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Burying St. Joseph statues boosts faith that real estate will sell

“Real estate people” buy little St. Joseph statues “by the dozens,” says the owner of a Catholic gift shop in Tampa.
Published Jan. 2, 2015

Throughout the holiday season, St. Joseph is in plain view, the familiar figure in manger scenes with Mary and the baby Jesus.

But for much of the year, Joseph goes underground.

All over the Tampa Bay area, little plastic Josephs lie buried in lawns large and small, lush and scraggly. They are interred there by people who are trying to sell their homes and hope that St. Joseph will find them a buyer.

Quickly.

"I get a lot of people every day looking for St. Joseph," says Sylvia Sierra, owner of St. Anthony's Catholic Gift Shop in Tampa. "Real estate people come here and buy them by the dozens."

While Sierra's store is packed to the ceiling with Bibles, rosaries and other religious items, Joseph is so popular that he commands his own display right by the front door. Prices start at $1.79 for loose, 4-inch statues and 59 cents for a laminated prayer card.

"It's not a huge investment," Sierra says.

At the Family Christian bookstore in Pinellas Park, boxed Josephs with a card can be had for $6.99. A manager said the store sells "quite a lot" before referring further questions to the Michigan headquarters of the 266-store chain.

How did Joseph become the world's most revered real estate agent?

Christian teaching considers Joseph to have been Jesus' earthly father, making him the ideal patron saint of the home and family. As one story goes, an order of Spanish nuns headed by Teresa of Avila in the 1500s prayed to Joseph to help them find land for new convents. For good measure, they also buried their medals of Joseph.

Teresa opened 16 convents and soon other people began turning to Joseph when they had land transactions. Over time, the custom of burying medals gave way to burying statues.

Today, thousands of homeowners swear by the practice. (Full disclosure: This writer twice has enlisted Joseph's help in selling houses although lowering the price likely was a factor.)

Lori Bederman said she and her husband contracted to build a house in Bradenton three years ago but worried about unloading their place in Connecticut while the economy was so poor.

"My husband was in a panic because we were now obligated to own two homes," Bederman wrote in an email. "I knew my faith in St. Joseph would guide our way."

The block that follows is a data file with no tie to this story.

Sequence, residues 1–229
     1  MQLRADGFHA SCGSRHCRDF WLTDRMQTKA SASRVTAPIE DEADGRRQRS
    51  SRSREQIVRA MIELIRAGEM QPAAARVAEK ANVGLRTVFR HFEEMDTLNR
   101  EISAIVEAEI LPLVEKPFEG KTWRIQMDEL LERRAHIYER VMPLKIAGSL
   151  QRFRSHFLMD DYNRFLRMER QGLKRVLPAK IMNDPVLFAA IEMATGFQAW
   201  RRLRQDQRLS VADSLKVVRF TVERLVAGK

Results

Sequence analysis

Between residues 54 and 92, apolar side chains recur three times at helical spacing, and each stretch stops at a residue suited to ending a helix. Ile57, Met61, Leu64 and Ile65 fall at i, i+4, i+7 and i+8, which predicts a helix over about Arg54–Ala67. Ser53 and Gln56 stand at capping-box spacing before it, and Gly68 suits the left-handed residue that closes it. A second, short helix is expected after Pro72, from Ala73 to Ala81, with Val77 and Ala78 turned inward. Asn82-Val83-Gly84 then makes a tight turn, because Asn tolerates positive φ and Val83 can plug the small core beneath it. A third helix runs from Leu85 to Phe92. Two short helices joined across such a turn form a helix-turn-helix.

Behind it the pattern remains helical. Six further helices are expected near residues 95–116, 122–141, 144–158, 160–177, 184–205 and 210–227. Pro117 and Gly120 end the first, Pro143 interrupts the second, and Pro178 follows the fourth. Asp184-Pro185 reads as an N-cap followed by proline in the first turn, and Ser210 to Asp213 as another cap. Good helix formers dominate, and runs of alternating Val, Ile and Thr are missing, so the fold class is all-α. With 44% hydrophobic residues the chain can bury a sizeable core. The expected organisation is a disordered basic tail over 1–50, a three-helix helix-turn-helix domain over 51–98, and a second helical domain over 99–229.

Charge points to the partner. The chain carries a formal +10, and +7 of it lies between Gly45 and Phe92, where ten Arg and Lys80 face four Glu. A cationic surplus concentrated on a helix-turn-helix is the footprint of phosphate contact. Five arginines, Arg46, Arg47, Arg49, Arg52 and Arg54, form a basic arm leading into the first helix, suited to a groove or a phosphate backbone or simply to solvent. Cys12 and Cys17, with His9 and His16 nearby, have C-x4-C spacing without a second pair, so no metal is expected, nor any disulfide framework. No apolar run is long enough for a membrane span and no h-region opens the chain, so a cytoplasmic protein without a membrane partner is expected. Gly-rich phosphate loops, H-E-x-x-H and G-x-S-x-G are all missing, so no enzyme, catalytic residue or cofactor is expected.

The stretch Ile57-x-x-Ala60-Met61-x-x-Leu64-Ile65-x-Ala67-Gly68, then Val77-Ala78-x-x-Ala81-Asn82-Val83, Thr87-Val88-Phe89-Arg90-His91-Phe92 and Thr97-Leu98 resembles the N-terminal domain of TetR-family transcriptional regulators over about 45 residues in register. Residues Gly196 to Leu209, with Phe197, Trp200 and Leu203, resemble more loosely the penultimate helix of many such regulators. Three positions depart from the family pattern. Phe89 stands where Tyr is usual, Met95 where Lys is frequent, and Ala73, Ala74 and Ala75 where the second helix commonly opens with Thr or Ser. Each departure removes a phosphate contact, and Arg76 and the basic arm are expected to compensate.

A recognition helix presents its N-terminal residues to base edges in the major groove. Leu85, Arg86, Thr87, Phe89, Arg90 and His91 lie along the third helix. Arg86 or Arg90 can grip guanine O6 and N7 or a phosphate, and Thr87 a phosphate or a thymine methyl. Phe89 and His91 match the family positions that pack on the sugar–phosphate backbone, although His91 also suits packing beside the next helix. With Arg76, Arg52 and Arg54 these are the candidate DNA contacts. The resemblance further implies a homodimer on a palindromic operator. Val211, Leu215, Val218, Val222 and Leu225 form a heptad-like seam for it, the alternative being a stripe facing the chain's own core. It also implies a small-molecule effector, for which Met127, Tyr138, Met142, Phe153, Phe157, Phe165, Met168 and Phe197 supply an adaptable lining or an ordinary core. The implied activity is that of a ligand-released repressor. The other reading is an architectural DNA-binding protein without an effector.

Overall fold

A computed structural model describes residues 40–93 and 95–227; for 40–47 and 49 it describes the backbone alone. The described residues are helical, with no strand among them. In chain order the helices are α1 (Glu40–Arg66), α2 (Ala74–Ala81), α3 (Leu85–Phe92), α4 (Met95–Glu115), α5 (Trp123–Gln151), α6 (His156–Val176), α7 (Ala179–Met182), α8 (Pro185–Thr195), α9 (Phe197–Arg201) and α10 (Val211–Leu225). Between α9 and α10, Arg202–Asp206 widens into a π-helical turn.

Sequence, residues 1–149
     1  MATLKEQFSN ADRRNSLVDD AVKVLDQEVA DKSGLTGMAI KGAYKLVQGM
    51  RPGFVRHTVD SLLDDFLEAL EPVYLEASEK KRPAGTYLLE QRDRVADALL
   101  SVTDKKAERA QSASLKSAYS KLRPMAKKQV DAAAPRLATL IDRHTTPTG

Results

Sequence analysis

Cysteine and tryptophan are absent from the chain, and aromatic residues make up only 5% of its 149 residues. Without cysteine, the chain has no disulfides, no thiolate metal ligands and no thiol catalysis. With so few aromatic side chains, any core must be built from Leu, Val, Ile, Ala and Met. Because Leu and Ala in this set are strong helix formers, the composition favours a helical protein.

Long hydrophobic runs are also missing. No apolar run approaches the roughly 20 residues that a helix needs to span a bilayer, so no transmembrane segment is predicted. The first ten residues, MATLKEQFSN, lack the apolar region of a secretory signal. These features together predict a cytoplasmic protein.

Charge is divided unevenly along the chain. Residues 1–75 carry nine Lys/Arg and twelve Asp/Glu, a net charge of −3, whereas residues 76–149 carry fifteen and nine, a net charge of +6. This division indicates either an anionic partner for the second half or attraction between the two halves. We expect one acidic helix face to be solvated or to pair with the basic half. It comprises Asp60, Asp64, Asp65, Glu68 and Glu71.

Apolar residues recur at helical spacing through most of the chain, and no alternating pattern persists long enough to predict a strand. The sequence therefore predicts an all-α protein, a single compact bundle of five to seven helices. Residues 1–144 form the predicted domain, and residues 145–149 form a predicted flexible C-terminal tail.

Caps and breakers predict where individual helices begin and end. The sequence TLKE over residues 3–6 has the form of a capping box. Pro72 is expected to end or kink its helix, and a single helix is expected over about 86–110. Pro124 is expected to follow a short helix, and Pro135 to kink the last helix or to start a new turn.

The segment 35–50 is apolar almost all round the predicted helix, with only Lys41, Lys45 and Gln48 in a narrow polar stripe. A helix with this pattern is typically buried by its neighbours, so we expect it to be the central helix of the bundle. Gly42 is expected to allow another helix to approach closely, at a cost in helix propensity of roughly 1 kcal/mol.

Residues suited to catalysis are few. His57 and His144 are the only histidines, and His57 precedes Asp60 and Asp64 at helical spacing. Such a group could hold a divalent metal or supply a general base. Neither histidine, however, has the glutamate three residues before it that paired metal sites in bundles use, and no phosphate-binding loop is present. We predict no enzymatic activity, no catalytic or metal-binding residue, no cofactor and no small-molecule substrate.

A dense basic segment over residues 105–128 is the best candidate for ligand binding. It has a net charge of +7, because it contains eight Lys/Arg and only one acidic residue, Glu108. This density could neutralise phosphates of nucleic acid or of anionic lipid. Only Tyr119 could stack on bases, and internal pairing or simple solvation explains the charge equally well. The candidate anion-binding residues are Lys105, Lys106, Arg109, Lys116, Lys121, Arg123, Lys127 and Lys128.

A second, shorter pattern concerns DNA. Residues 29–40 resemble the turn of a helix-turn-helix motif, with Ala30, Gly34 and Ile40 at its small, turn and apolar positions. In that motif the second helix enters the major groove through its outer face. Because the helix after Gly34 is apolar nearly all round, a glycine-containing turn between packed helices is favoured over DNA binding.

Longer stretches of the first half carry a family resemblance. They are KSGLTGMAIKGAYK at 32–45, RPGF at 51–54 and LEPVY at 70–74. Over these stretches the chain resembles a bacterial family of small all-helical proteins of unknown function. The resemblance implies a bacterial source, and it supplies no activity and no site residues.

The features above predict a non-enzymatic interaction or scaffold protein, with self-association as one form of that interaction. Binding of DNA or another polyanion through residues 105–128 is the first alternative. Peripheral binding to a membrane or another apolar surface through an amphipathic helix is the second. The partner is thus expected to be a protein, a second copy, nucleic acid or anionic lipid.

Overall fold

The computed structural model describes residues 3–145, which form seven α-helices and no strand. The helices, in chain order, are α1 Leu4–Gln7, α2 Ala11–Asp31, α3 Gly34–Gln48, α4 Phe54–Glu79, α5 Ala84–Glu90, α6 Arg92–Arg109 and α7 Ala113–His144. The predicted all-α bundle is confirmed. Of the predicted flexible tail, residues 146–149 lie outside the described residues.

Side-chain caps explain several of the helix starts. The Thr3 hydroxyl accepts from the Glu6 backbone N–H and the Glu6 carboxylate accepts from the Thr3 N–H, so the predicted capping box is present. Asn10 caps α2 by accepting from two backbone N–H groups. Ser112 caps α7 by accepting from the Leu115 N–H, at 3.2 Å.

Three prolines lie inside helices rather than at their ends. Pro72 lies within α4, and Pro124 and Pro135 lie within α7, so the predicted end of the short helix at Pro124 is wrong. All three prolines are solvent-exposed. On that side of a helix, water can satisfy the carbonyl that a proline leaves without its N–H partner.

Bederman buried a statue of Joseph in the front yard and two days later had a cash offer. She exhumed him and "he sits in our new home today."

Steve Danikowski, a Web designer who lives in Palm Harbor, calls himself a "huge believer" in Joseph's power to move property.

"Our family has asked St. Joseph to help sell our homes for well over 30 years," he said. "He hasn't failed us yet!"

But there are skeptics, too. Among them: Eckerd College student Aidan Murphy.

When her father got a new job in Michigan and the family had to move, they buried a statue of Joseph at their Ohio home. Eight years later, the house has plunged in value but still hasn't sold, Murphy says.

"My mom says, 'St. Joseph doesn't like us.' I personally think it's because it's a piece of plastic, and it is the home market system crashing in 2008 that has caused our misfortune."

Sierra, of the Catholic gift shop, says she's heard of only a few Joseph-related no-sales in the 24 years she's been in business. Instead, customers often report that houses that had sat on the market for months or even years quickly found a buyer when St. Joseph arrived on the scene.

Sierra notes, however, that many sellers seeking his assistance come in a bit sheepishly.

"They're almost afraid to say, 'I'd like a statue of St. Joseph.' When I say, 'For real estate?,' they feel better."

With the customer at ease, Sierra goes into her "spiel." Contrary to myth and common practice, the statue doesn't have to be buried upside down, or facing the real estate sign or planted exactly 8 inches deep.

"I tell them it's your faith in St. Joseph that's important. That's why when I sell individual statues, I sell them the prayer card, too."

Not Catholic? "I tell them, sort of jokingly, 'You will be when you see the miracle.' "

After St. Joseph brings a buyer, sellers are supposed to say a novena to him — a series of prayers — or give a simple prayer of thanks. Successful sellers are also encouraged to take St. Joseph to their new home although many can't find him again even after marking the burial site.

Sierra has never called on Joseph to sell a house. But she knows of his power firsthand.

"I said, 'Look, St. Joe, if you can sell a house, a car is a lot easier.' "

Several years ago, Sierra stuck a statue of St. Joseph on the dashboard of her Lincoln Town Car. Within 10 days, she had a buyer.

Contact Susan Taylor Martin at smartin@tampabay.com or (727) 893-8642. Follow @susanskate.

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